+        </para>
+
+<screen>
+<command>
+lxc image export foo-2.0 foo-2.0.tar.gz
+lxc image import foo-2.0.tar.gz --alias foo-2.0 --public
+</command>
+</screen>
+
+        </sect3>
+      </sect2>
+
+      <sect2 id="lxd-troubleshooting"> <title> Troubleshooting </title>
+
+      <para>
+        To view debug information about LXD itself, on a systemd based host use
+      </para>
+
+<screen>
+<command>
+journalctl -u LXD
+</command>
+</screen>
+
+      <para>
+        On an Upstart-based system, you can find the log in
+        <filename>/var/log/upstart/lxd.log</filename>.  To make LXD provide
+        much more information about requests it is serving, add '--debug' to
+        LXD's arguments.  In systemd, append '--debug' to the 'ExecStart=' line
+        in <filename>/lib/systemd/system/lxd.service</filename>.  In Upstart,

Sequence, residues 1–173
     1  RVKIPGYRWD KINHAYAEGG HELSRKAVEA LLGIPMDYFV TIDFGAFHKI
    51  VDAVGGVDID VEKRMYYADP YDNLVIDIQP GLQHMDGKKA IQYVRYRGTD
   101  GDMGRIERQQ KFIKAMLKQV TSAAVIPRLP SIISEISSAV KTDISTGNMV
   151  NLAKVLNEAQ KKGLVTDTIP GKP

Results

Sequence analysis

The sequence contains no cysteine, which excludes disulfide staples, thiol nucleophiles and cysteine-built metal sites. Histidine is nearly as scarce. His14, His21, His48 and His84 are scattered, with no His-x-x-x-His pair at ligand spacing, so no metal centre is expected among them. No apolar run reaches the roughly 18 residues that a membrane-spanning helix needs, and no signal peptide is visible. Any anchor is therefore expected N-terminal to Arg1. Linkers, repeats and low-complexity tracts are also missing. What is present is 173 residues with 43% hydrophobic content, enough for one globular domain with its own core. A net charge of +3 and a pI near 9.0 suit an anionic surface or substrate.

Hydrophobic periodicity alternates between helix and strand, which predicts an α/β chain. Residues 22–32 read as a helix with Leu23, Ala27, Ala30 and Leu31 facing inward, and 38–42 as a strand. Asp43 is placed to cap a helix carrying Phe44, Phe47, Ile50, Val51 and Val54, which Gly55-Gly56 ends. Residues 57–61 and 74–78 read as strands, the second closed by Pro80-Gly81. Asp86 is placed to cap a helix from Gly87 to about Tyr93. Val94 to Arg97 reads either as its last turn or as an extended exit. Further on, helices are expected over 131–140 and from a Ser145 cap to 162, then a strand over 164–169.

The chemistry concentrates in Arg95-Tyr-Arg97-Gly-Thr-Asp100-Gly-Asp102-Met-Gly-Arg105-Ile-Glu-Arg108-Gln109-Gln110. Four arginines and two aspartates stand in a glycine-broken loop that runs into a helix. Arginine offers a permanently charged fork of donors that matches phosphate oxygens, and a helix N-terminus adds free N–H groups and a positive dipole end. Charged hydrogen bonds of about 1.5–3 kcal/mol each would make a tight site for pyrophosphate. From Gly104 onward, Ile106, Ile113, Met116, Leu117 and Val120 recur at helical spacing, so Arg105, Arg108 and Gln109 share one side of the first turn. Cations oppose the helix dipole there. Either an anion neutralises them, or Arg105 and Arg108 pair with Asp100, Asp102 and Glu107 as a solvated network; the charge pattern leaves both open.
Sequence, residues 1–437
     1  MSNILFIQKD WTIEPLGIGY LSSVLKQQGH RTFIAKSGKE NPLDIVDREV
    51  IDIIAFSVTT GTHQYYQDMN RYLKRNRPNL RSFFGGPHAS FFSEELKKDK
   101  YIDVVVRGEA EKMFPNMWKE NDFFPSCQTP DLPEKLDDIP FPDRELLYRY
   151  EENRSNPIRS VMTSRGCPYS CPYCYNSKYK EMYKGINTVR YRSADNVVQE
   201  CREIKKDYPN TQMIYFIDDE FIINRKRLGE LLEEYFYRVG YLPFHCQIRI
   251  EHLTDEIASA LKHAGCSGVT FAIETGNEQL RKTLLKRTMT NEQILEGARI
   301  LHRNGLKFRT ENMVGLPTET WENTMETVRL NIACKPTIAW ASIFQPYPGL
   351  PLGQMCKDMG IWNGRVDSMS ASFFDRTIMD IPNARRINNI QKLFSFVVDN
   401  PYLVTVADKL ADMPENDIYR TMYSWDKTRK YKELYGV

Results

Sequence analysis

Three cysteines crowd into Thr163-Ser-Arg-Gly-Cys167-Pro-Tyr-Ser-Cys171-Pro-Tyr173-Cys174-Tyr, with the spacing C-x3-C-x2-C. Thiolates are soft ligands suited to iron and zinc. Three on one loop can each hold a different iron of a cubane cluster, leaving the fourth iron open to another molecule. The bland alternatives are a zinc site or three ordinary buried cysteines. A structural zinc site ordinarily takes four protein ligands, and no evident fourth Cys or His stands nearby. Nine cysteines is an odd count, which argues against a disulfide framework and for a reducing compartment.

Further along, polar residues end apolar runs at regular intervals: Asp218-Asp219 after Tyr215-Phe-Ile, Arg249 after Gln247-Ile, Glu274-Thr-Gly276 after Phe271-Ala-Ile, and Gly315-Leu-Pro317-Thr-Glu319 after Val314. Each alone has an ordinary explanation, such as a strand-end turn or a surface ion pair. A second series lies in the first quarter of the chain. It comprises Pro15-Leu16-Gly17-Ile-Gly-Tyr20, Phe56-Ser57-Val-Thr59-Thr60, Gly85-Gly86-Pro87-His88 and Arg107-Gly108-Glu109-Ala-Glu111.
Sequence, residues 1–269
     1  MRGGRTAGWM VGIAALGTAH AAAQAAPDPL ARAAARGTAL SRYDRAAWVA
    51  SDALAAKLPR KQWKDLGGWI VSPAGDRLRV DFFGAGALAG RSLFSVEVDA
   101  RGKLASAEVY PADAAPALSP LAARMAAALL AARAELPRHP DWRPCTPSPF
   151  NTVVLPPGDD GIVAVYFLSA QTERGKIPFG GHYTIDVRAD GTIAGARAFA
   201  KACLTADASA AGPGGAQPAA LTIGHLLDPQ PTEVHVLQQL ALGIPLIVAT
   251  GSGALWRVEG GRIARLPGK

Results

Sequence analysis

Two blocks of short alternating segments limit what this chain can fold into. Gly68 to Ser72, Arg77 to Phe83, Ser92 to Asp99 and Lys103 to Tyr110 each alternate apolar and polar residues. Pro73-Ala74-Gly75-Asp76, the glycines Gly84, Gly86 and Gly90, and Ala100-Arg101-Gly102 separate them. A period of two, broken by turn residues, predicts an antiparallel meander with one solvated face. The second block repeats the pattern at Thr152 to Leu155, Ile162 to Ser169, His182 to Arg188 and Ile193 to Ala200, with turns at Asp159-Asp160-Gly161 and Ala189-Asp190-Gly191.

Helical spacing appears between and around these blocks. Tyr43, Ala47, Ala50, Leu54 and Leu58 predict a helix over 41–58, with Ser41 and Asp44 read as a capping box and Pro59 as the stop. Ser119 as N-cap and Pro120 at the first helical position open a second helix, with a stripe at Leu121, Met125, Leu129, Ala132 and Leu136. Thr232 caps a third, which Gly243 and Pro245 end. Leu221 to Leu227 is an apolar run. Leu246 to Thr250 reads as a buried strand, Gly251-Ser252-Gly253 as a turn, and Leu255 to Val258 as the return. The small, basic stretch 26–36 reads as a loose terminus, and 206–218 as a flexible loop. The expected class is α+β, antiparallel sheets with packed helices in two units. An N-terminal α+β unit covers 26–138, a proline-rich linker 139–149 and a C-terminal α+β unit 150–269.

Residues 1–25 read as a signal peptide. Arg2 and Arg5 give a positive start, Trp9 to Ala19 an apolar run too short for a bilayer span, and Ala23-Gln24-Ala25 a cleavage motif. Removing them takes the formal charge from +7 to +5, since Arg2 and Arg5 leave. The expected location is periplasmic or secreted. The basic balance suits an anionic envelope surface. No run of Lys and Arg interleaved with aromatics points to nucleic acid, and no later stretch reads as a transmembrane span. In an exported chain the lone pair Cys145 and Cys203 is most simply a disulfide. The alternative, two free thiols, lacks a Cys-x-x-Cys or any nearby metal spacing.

+        append it to the <command>exec /usr/bin/lxd</command> line in
+        <filename>/etc/init/lxd.conf</filename>.
+      </para>
+
+      <para>
+        Container logfiles for container c1 may be seen using:
+      </para>
+
+<screen>
+<command>
+lxc info c1 --show-log
+</command>
+</screen>
+
+      <para>
+        The configuration file which was used may be found under <filename> /var/log/lxd/c1/lxc.conf</filename>
+        while apparmor profiles can be found in <filename> /var/lib/lxd/security/apparmor/profiles/c1</filename>
+        and seccomp profiles in <filename> /var/lib/lxd/security/seccomp/c1</filename>.
+      </para>
+    </sect2>
+
+  </sect1>
+
   <sect1 id="lxc" status="review">
     <title>LXC</title>